Dissertations for this award are evaluated according to five criteria: originality of research, contribution the research makes to the field, methodological soundness of the approach used, awareness of the existing research in the area studied, and overall quality of the writing.

The selection committee noted: Dr. Agbozo’s dissertation is a rich study of the GhanaPost Global Position System. Agbozo makes a compelling case for how the field thus far has had a limited perspective on “technology take-up within a globalizing context,” and how, historically, researchers have engaged with global spaces in problematic ways. The committee was especially impressed with the originality of Agbozo’s research and its contributions to broadening the field’s borders and working towards developing, as Agbozo argues, a “global perspective.” Drawing from a mix of surveys, interviews, and observations, and employing decolonial and multimodal lenses of critique, Agbozo’s dissertation is methodologically rigorous, with a robust analysis that works to build new theory and innovative pedagogical practice in technical communication. The committee also appreciated the ways Agbozo’s research amplifies marginalized voices, communities, and scholarship.

Agbozo will be announced as the recipient of the CCCC Outstanding Dissertation Award in Technical Communication during the CCCC Awards Presentation on Friday, March 11, during the 2022 CCCC Annual Convention.

Dr. Agzobo is currently an Assistant Professor in the Department of English at UNC–Wilmington.

Modern Languages Film Series begins Thursday, 1/27

The 2022 Modern Languages Film Series kicks off Thursday, January 27th, with the German film, I’m Your Man (Ich Bin Dein Mensch, Shrader, 2021). Scientist Alma (Maren Eggert) has reluctantly agreed to live for three weeks with humanoid robot Tom (Dan Stevens), who has been created solely to make her happy. This contemplative comedy about love, longing, and what makes us human will screen at 7:00 PM in Fisher 135.

Other films presented in the series include Unbalanced (Desequilibrados, Balanda, 2021), screening February 24th, and Portrait of a Lady on Fire (Portrait de le Jeune Fille en Feu, Sciamma, 2019), screening March 24th. All films in the series will screen in Fisher 135 and are free and open to the public.

This film series is sponsored by the Modern Languages program in the Department of Humanities.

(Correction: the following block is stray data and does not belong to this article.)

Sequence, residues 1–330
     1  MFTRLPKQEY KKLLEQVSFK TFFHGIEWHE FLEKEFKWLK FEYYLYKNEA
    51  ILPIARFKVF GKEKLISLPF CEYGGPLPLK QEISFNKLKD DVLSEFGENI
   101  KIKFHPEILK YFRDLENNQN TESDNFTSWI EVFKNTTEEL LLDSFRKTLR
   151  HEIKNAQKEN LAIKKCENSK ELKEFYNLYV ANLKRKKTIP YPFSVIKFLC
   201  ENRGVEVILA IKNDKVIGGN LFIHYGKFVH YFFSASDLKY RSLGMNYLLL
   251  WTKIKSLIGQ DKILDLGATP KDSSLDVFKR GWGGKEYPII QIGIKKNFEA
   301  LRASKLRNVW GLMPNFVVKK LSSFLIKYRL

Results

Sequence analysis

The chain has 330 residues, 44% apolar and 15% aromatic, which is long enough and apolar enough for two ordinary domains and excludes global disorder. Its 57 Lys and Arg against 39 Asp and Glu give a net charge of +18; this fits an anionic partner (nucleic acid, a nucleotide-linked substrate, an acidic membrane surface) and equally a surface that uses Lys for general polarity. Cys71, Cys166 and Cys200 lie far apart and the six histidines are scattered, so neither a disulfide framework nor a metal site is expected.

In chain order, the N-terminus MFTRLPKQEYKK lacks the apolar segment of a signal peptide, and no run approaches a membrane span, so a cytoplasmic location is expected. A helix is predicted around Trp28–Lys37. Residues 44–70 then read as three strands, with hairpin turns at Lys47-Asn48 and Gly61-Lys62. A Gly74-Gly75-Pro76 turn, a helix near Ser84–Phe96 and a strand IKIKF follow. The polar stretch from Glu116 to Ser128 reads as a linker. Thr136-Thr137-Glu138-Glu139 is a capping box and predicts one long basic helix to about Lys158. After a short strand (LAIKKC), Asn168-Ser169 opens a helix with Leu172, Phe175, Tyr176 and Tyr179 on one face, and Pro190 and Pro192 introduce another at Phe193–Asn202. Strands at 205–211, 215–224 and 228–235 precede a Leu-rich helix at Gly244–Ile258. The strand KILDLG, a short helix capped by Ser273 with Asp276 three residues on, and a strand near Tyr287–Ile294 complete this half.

Social Media Intern, Department of Humanities

Tucker in archives with Hugh

I served as a Social Media Intern in charge of the Instagram/Facebook accounts and creating a
department Discord Server for the Department of Humanities. My internship allowed me to work within the department to reach out to the community, current students, and prospective students. This semester, I worked on professional, casual communication across digital platforms. Using the Discord server I helped set up, I’ve networked with students in my department I hadn’t met yet. The COVID pandemic stressed the importance of these digital spaces. It also allows me to reach out to prospective students within an environment familiar to them.

Creating the Humanities Instagram/Facebook posts involved the new mascot HUgh Manatee,
who promoted humanities-related, on-campus resources. Since I started creating content, I’ve
seen 72 accounts follow the Humanities Instagram account. I also interacted with users on the
social media accounts, from sharing stories from the Graduate Student Government, to
answering questions posed in the comment sections.

Part of my internship included graphic design for content creation. Some design elements are intuitive, while others are ones I learned through experience. For example, I learned how using
as few fonts as possible helps viewers concentrate on information better. Additionally, layout can make a difference as to what information people pick up. Hearing about ideal placing, colors,  formatting, etc. from my mentor and seeing the results helped me understand how each element connects to convey a message.

— Tucker Nielsen, English

Technical Writing Intern, Center for Technology and Training

Computer screens with text documents open